I referenced a few days ago that I had made ciabatta with some of my pizza dough. I like to make my dough 1-3 days in advance to enhance the flavor*. Lately I’ve been using dough that is more or less a combination of pizza dough and ciabatta. Essentially the recipe is a ciabatta recipe with almost 50% whole wheat flour. This takes away a bit of my gluten which means I have to take care to develop it well enough while kneading to make sure my dough doesn’t fall apart while making the pizzas.
This morning I took out my dough which had been in the fridge since two days ago and shaped it. Then I transferred it on wax paper to the freezer. I made six medium-sized pizzas (sans the toppings) and piled them up one on top of another. This is the experiment.
I will take out the dough 1-2 hours before I plan to bake and let them thaw out and then put the toppings on them. I have read about people pre-cooking their dough and then freezing it, both with and without toppings but I didn’t want to have a pizza that seemed like leftovers. I just want to know if I can break pizza night up into more manageable steps. My ultimate goal would be to freeze an entire unbaked pizza and see if it will still puff up in the oven when baked, kind of like Digiorno. From Our Front Porch freezes their pizza dough after shaping it but I haven’t yet found anyone who has done the whole thing uncooked (which doesn’t mean nobody has, I just haven’t found them!).
Well, I pulled out the dough in the middle of the afternoon and they had all stuck to each other. So my first smart idea for next time is not to stack them! I need a more manageable way of freezing them and keeping things from sitting on top of them. I then found that many of them were falling apart as I moved them about the counter top, getting things into position for preparing my pizzas. After a while I decided to cut my losses and threw four of the six pizzas into a big lump and reworked the dough.
Back to the beginning…
The two that looked the best I put back in the freezer, only this time just straight onto pizza trays, without stacking them. I turned shaped the dough pile into three new balls of dough and let them sit for an hour. Then I proceeded with pizza night as planned (but don’t worry, I still revisited the experiment).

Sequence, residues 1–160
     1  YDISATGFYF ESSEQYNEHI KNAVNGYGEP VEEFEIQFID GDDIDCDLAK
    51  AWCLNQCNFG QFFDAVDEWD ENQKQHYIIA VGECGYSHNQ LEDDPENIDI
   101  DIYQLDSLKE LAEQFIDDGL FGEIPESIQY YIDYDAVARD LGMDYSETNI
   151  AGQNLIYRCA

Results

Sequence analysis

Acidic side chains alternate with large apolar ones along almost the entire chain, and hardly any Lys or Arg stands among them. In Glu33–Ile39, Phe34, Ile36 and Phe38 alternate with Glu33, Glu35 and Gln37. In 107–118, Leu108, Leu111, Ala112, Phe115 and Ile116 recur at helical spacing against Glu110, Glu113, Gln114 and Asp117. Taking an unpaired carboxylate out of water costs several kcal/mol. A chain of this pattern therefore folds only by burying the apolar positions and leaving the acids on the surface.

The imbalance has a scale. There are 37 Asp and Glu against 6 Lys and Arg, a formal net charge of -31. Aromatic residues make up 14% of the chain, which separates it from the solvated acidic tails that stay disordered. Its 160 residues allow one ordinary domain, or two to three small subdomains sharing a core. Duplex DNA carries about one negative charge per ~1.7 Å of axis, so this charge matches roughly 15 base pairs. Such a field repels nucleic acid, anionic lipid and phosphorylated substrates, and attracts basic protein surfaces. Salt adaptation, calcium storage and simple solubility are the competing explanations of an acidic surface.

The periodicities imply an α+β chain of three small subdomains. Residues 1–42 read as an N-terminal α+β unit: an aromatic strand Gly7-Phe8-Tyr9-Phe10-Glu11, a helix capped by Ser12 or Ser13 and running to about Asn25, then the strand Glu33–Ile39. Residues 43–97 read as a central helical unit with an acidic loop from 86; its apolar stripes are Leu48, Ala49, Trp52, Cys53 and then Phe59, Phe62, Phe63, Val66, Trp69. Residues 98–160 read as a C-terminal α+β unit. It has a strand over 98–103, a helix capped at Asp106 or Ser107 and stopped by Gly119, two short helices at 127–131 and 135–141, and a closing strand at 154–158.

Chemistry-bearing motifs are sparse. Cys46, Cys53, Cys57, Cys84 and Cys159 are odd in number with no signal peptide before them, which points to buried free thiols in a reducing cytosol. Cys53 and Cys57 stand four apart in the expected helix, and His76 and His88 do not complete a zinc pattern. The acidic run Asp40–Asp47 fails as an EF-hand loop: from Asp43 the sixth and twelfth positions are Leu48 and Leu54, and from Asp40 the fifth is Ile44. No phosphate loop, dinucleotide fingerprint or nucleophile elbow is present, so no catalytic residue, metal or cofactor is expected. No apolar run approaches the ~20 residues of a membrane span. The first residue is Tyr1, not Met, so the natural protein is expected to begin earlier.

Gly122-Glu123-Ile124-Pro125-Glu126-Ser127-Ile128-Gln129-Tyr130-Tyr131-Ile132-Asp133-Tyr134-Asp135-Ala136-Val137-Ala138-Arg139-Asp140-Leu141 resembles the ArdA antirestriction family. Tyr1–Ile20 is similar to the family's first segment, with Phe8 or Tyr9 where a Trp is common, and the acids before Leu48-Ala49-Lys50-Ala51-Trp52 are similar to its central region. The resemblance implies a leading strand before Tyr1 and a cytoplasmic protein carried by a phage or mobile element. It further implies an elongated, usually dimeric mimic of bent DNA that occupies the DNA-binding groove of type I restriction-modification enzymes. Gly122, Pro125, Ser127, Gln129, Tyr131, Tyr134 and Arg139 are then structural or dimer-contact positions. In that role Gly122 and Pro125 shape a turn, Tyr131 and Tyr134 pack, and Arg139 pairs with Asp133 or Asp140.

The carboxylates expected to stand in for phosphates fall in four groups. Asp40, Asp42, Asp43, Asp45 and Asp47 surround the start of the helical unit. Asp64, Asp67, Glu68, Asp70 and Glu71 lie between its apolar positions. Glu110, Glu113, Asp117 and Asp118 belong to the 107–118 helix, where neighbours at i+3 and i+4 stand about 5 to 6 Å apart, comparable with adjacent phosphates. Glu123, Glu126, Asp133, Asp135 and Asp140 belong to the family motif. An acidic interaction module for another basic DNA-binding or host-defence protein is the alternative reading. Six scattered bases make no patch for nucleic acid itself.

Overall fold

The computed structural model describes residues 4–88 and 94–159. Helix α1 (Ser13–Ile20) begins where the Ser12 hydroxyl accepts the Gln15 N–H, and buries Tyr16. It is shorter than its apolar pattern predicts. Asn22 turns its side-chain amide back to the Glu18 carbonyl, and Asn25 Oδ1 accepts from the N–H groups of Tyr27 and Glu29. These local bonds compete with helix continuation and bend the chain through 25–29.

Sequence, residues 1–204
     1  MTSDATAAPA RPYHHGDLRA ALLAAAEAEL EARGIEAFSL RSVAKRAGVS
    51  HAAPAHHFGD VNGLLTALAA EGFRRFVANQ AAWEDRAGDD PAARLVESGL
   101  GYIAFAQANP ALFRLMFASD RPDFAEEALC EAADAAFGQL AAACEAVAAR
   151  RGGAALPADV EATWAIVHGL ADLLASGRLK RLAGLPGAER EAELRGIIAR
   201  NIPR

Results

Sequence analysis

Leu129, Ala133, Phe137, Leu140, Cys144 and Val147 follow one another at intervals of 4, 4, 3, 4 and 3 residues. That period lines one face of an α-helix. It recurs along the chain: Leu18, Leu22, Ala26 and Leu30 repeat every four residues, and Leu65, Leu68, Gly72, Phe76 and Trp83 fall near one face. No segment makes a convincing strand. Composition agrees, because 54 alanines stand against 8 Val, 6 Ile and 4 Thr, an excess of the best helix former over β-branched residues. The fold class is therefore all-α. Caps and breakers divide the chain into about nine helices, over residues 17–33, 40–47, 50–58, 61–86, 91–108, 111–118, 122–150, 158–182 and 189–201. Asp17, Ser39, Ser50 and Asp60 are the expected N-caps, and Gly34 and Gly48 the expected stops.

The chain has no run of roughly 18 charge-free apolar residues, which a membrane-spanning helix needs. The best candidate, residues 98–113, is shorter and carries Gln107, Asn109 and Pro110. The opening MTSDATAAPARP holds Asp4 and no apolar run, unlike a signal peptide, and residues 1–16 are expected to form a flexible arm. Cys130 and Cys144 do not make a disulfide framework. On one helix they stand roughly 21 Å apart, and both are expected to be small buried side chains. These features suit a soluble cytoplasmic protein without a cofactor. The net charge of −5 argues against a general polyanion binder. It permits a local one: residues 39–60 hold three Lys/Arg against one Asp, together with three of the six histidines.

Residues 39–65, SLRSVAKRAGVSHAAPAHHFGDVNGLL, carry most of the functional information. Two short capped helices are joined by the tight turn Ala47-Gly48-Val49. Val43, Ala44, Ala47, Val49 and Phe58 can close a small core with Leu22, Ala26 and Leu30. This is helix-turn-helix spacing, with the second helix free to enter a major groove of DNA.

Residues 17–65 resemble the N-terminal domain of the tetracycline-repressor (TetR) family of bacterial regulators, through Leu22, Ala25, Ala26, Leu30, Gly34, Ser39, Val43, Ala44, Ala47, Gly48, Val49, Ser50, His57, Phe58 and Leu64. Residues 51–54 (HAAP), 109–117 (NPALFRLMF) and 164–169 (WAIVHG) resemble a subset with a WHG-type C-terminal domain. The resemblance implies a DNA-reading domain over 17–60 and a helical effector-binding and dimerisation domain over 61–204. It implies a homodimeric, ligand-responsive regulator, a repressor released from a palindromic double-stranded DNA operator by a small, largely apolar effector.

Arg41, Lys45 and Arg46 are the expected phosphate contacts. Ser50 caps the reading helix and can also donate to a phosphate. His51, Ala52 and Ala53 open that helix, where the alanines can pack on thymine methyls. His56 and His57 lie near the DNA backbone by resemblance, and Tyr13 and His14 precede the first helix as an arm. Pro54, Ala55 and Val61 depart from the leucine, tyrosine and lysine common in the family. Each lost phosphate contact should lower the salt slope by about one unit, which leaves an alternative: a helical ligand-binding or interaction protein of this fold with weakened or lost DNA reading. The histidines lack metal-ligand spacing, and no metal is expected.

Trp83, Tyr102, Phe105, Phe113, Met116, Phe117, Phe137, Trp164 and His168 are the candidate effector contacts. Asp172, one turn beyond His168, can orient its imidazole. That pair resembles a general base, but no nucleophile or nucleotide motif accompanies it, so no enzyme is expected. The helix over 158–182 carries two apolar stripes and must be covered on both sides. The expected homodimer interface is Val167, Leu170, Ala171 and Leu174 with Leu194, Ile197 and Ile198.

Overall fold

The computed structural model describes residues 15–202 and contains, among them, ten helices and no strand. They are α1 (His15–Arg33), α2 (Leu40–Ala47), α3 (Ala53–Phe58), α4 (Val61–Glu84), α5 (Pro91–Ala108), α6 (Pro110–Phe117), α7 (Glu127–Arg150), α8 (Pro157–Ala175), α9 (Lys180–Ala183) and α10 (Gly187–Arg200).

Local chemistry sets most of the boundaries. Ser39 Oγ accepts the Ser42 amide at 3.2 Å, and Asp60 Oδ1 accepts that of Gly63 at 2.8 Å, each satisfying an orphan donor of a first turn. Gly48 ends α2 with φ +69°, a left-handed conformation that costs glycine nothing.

The first pizza was a half-and-half pizza, with half being the always kid-friendly pepperoni (with local pepperoni) and the other half having caramelized Spanish onions, garlic, and steamed broccoli (no, the broccoli is not local, but our friends were leaving town and left a bunch of perishables with us so in a sense it is local since it came from their house which is closer than the grocery store or any farm…).
Pizza number two had a light base of sunflower oil (our best local option), mozzarella cheese, smoked blue cheese, chicken (remember the chicken we ate a few days ago, we have lots left!), and leeks. This pizza was quite good but I decided next time I would put a base of ricotta cheese on it to help moisten it.
The final pizza was a repeat from several weeks ago. It had a base of pizza sauce and mozzarella, and was topped with beets that were simmered for 30 minutes, crumbled extra sharp white cheddar, and more leeks. It was awesome! The key to putting beets on a pizza seems to be making sure they are cooked the way you like them BEFORE you put them on the pizza. Since I like my beets to have a bit of butter on them I lightly fry them to melt the butter after cooking them in water for half an hour.
Back to the Freezer…
I pulled the completely frozen dough out of the freezer and topped it with sauce and cheese and then returned it to the freezer. Later in the evening I checked to see if all was frozen and indeed it was so I then wrapped it in plastic wrap (do they make biodegradable plastic wrap??) and put them back in the freezer, this time stacking them more confidently than the first time. I will update when I cook these with fresh toppings someday soon…. Or not too soon, since they are in the freezer what’s the rush?